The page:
In 1968, Atwood married Jim Polk, whom she divorced in 1973. She married fellow novelist Graeme Gibson soon after and moved to Alliston, Ontario, north of Toronto. In 1976 their daughter, Eleanor Jess Atwood Gibson, was born. (Graeme Gibson had two sons, Matt and Grae, from a previous marriage.) She returned to Toronto in 1980.

She divides her time between Toronto and Pelee Island, Ontario.


Cover for Oryx and Crake
Cover for Oryx and Crake

Atwood has written thematically diverse novels from a number of genres and traditions, including speculative fiction, space opera and Southern Ontario Gothic. She is often described as a feminist writer, as issues of gender often (but not always) appear prominently in her work. Her work has focused on Canadian national identity, Canada’s relations with the United States and Europe, human rights issues, environmental issues, the Canadian wilderness, the social myths of femininity, representations of women’s bodies in art, women’s social and economic exploitation, as well as women’s relations with each other and with men (Howells 163). In her novel Oryx and Crake and in recent essays, she has demonstrated great interest in (and wariness of) unchecked biotechnology.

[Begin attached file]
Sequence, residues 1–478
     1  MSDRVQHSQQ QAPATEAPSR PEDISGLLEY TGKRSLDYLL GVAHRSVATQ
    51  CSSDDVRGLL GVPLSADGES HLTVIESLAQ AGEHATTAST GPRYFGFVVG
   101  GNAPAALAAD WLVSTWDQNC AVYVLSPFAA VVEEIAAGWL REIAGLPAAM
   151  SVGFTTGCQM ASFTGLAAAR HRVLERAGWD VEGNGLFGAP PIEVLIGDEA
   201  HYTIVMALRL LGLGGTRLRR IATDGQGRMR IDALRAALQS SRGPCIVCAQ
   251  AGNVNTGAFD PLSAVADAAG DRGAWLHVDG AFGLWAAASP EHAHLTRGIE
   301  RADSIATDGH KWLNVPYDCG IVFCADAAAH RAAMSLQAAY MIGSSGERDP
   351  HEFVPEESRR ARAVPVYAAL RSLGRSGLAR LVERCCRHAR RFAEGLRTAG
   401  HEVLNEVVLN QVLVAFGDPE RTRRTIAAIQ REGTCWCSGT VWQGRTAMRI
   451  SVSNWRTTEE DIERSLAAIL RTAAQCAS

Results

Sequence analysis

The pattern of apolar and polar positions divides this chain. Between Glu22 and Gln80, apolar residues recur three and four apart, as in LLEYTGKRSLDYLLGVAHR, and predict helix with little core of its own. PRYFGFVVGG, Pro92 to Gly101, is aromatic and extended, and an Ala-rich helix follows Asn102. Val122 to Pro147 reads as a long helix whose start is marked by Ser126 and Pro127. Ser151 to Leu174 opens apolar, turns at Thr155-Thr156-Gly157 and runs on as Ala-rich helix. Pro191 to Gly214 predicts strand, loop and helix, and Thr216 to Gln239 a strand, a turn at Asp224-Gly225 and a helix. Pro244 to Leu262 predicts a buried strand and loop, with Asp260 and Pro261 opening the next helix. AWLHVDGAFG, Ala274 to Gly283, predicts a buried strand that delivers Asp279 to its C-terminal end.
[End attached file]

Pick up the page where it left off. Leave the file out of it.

Her first collection of poetry was Double Persephone (1961). The Circle Game (1964), her second, won the Governor General's award for poetry. Of Atwood's poetry collections, the most well-known is perhaps The Journals of Susanna Moodie (1970), in which Atwood writes poems from the viewpoint of Susanna Moodie, a historical nineteenth-century Canadian pioneer on the frontier.

As a literary critic, she is best known as author of the seminal Survival: A Thematic Guide to Canadian Literature (1972), which is credited with sparking renewed interest in Canadian literature in the 1970s. She also wrote several television scripts, The Servant Girl (1974) and Days of the Rebels: 1815-1840 (1977).

Atwood has been vice-chairman of the Writers' Union of Canada and president of International PEN (1984-1986), an international group committed to promoting freedom of expression and freeing writers who are political prisoners. Elected a Senior Fellow of Massey College at the University of Toronto, she has sixteen honorary degrees, including a doctorate from Victoria College (1987), and was inducted into Canada's Walk of Fame in 2001. Her literary papers are housed at the University of Toronto's Thomas Fisher Rare Book Library.